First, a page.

The government is calling for agile SMEs to sign up to a newly launched digital services framework on the same day that MPs have raised concerns over the digital-by-default agenda.
It is hoped that the new framework will continue to help the government move away from legacy IT and big contracts with a few large systems integrators — commonly known as 'the oligopoly' — as well as help save billions of pounds in years to come.
However, the announcement coincides with a letter sent by the Science and Technology Committee to Cabinet Office Minister Francis Maude, which raises questions about the potential savings promised by the digital agenda and its implications for personal data security.
The government has previously said that by making transactions that are carried out by the public every day digital could save the government up to £1.7 billion a year after 2015.
The Science and Technology Committee wants the government to be clearer about these savings, including the costs of designing, or redesigning, online services.
"A key justification of the Digital by Default strategy is savings to the taxpayer. Yet it is not evident that the Government is even able to measure these savings," said Andrew Miller MP, Chair of the Select Committee.
The Committee also raised doubts that as public services go online, the government may not be able to keep up with advances in technology and the inadequacies in government software may lead to security vulnerabilities. There is also a risk that third party suppliers providing identity assurance could pass on their security vulnerabilities.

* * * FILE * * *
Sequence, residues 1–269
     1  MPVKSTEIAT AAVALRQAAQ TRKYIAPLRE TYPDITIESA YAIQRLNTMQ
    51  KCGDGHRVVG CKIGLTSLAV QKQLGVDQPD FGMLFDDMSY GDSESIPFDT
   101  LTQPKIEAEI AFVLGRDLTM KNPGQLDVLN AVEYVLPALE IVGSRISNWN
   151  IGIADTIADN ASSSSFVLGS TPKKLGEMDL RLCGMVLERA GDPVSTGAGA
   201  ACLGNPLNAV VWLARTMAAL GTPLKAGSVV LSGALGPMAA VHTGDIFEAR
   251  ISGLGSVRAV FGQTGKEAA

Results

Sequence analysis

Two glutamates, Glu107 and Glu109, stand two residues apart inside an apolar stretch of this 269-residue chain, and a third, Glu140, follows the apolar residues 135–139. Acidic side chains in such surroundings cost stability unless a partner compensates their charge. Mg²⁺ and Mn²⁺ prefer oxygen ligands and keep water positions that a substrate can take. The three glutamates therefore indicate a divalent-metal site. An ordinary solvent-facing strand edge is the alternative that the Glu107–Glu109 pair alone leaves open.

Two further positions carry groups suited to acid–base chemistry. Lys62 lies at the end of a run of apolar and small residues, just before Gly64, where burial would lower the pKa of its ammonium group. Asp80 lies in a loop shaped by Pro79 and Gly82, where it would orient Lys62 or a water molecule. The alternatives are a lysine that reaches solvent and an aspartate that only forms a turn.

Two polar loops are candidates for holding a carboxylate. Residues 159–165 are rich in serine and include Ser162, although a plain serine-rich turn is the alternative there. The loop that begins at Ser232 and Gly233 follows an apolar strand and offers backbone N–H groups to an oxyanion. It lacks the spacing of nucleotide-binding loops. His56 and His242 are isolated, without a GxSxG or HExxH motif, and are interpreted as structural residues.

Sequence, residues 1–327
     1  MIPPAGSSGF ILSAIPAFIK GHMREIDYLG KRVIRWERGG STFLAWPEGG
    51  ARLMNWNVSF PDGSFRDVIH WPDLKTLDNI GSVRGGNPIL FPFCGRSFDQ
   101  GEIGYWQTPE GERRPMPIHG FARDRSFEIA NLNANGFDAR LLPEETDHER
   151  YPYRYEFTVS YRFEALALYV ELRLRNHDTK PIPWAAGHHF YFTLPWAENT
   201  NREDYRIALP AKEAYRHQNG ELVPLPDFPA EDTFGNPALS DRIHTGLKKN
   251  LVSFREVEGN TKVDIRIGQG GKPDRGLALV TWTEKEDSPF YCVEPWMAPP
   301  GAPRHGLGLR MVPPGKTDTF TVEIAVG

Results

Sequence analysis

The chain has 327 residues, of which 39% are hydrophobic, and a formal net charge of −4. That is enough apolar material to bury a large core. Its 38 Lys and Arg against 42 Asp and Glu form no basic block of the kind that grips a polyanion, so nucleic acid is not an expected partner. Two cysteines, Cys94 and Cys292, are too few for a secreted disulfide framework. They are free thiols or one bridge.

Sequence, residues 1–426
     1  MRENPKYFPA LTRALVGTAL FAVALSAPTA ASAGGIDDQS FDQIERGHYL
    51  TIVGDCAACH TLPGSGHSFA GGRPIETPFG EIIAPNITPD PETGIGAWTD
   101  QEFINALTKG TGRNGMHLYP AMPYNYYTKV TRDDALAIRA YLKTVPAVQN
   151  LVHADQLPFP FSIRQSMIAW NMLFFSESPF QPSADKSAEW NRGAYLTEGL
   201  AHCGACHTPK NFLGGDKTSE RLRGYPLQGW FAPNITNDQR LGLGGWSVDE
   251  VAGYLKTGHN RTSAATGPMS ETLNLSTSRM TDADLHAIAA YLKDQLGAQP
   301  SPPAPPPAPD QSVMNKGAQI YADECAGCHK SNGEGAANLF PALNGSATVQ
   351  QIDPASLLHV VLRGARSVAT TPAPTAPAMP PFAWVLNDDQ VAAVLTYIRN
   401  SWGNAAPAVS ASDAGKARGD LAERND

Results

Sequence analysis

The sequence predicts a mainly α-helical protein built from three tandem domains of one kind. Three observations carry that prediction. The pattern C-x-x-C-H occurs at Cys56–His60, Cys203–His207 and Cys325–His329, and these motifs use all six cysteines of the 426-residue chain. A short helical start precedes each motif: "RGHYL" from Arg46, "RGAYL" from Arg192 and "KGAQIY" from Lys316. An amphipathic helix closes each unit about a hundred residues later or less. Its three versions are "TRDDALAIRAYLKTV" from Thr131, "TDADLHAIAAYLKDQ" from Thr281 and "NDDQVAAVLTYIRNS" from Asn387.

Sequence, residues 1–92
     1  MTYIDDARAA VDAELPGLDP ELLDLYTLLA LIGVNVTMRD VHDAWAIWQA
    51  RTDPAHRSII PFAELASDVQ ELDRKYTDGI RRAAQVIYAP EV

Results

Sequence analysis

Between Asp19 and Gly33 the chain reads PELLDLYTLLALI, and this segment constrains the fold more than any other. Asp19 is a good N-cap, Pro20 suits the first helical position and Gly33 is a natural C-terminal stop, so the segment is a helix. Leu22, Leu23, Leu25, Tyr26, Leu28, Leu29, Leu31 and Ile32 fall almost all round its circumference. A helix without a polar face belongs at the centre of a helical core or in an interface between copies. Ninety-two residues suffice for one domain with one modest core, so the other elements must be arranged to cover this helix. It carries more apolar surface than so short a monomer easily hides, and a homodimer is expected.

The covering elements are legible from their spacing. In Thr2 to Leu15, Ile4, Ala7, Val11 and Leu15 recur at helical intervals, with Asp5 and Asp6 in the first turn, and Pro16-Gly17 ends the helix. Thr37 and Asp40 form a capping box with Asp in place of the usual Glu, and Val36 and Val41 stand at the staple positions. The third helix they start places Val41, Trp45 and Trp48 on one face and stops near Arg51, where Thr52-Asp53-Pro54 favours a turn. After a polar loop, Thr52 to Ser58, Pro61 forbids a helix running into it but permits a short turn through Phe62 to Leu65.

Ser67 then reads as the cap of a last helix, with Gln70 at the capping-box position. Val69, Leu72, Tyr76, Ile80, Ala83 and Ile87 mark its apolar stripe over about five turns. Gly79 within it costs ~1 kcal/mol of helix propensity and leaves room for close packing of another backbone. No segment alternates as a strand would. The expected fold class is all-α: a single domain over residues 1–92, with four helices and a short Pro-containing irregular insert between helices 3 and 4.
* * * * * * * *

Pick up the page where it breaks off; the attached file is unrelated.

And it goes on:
"Public trust is absolutely essential. The Government must ensure the integrity and security of data and give people sufficient control over their stored personal information otherwise, the Digital by Default strategy will not succeed. We will continue to monitor the implementation of the strategy," said Miller.
The Committee would like to see the government add a principle to its recently published draft identity assurance principles that states that (i) if a dispute arises concerning a citizen's online dataset, that the citizen should be initially presumed correct; and (ii) if a mistake has been made, the citizen's data should be instantly corrected.
However, the Cabinet Office has said that the Digital Services Framework that launched today should be a "signal for innovative firms of all sizes to apply to join a framework of suppliers that can bid for government contracts to provide digital project build services across the UK".
It added that the framework "represents a new approach for government in terms of speed, simplicity, and clarity".
The framework will be offered as a managed service to central government departments and suppliers have until 7th August to apply to be signed up.
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